With the exception of the Alaska Highway and the Trans- Canada Highway, the planning and construction of highways in Canada have been predominantly the responsibility of the provincial governments. Inasmuch as decisions regarding highways on the federal level are made on an ad hoc basis, the Cabinet asked for a proposed policy to guide federal spending. This became one of the objectives of the Canadian Highway Systems Study; the other was the definition of a national highway network to orient federal involvmeent in highways. The study provided an overview of the elements that make up the total transportation system, a definition of the National Highway System as defined by the provinces, and an indication of the 1982 system. As a result of the study, 2 basic options are available; (a) Define and develop a primary highway system based on the Trans-Canada Highway and comparable to the U.S. Interstate System or (b) view federal highway programs as supporting other federal goals and objectives. For either option, the study proved valuable by permitting the provinces to know the federal approach to highways, to accept the need for federal presence in developing the Canadian Highway System, and to accept the legitimacy of federal involvement in highways. /Author/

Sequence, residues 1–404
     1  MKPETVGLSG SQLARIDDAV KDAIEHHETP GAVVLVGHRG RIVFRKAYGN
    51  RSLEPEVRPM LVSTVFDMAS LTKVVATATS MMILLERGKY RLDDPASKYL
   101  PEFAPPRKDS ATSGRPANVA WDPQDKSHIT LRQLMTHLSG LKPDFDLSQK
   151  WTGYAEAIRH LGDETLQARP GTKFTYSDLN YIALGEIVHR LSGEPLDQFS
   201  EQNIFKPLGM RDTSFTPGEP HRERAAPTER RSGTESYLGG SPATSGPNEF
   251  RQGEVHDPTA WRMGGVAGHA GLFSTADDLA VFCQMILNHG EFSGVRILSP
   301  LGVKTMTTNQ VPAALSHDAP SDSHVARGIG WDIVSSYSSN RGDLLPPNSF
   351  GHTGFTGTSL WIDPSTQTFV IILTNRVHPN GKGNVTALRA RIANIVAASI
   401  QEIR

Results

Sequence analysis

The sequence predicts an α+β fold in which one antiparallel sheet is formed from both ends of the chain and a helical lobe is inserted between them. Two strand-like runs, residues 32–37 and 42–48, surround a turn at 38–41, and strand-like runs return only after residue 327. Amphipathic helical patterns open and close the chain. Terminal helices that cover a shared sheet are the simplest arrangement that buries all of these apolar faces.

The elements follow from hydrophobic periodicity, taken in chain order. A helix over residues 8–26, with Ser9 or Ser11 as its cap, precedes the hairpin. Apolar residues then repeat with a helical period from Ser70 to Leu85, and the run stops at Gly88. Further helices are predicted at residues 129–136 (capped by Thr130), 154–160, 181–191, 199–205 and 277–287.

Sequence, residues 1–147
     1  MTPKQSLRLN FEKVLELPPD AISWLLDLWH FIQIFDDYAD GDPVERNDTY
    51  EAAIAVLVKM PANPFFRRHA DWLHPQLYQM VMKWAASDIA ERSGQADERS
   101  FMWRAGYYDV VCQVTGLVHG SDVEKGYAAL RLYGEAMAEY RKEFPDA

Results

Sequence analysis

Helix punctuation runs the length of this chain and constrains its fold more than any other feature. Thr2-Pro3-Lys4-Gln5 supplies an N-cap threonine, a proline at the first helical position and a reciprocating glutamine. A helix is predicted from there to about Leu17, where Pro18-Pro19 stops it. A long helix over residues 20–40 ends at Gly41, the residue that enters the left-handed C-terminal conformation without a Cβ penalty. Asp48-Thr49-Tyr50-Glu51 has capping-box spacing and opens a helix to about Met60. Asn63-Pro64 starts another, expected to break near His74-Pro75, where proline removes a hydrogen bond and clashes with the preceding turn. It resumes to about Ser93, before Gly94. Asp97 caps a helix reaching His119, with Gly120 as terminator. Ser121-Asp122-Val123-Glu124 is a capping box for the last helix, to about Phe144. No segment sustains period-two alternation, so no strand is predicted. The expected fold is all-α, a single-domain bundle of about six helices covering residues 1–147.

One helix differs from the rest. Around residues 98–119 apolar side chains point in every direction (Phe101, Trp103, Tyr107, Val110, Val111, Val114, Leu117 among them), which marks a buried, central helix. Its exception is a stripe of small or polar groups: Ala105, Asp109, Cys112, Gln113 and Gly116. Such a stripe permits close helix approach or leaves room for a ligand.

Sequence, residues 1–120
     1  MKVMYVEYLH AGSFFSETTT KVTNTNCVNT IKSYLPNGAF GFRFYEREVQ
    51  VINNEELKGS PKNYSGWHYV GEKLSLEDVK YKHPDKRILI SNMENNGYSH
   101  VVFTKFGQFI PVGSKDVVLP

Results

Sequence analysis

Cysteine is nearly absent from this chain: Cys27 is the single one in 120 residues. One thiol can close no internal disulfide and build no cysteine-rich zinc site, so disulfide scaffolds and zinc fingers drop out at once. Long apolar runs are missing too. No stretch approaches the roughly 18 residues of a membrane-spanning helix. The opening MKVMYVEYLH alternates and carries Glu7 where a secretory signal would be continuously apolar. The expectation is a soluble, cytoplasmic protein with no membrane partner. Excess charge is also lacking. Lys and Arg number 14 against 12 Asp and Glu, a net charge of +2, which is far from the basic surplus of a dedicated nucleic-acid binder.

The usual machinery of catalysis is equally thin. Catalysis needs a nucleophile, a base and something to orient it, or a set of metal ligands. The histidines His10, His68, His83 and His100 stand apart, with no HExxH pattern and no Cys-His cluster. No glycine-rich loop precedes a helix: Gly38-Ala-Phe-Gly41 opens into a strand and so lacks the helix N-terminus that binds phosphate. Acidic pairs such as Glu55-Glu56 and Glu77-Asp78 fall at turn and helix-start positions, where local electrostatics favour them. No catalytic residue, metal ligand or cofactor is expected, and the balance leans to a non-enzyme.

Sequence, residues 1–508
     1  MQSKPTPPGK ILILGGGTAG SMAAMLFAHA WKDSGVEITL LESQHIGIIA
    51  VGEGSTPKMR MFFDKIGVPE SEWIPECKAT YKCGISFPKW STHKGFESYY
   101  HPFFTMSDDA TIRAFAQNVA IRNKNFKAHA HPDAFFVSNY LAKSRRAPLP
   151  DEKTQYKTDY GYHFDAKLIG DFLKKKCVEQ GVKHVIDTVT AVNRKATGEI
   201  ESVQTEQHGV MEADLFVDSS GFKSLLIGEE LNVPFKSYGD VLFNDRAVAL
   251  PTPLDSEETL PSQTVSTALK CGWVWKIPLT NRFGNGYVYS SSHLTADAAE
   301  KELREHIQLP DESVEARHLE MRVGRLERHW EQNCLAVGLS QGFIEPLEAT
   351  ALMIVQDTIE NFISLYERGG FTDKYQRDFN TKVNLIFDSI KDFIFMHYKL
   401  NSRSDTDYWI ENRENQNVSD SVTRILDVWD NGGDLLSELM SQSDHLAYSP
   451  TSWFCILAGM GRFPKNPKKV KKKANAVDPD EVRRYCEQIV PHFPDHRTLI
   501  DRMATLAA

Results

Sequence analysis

Media Info

  • Media Type: Print
  • Pagination: pp 66-69
  • Monograph Title: Transportation and land use planning abroad
  • Serial:

Subject/Index Terms

Filing Info

  • Accession Number: 00139640
  • Record Type: Publication
  • Files: TRIS, TRB, ATRI
  • Created Date: Nov 17 1976 12:00AM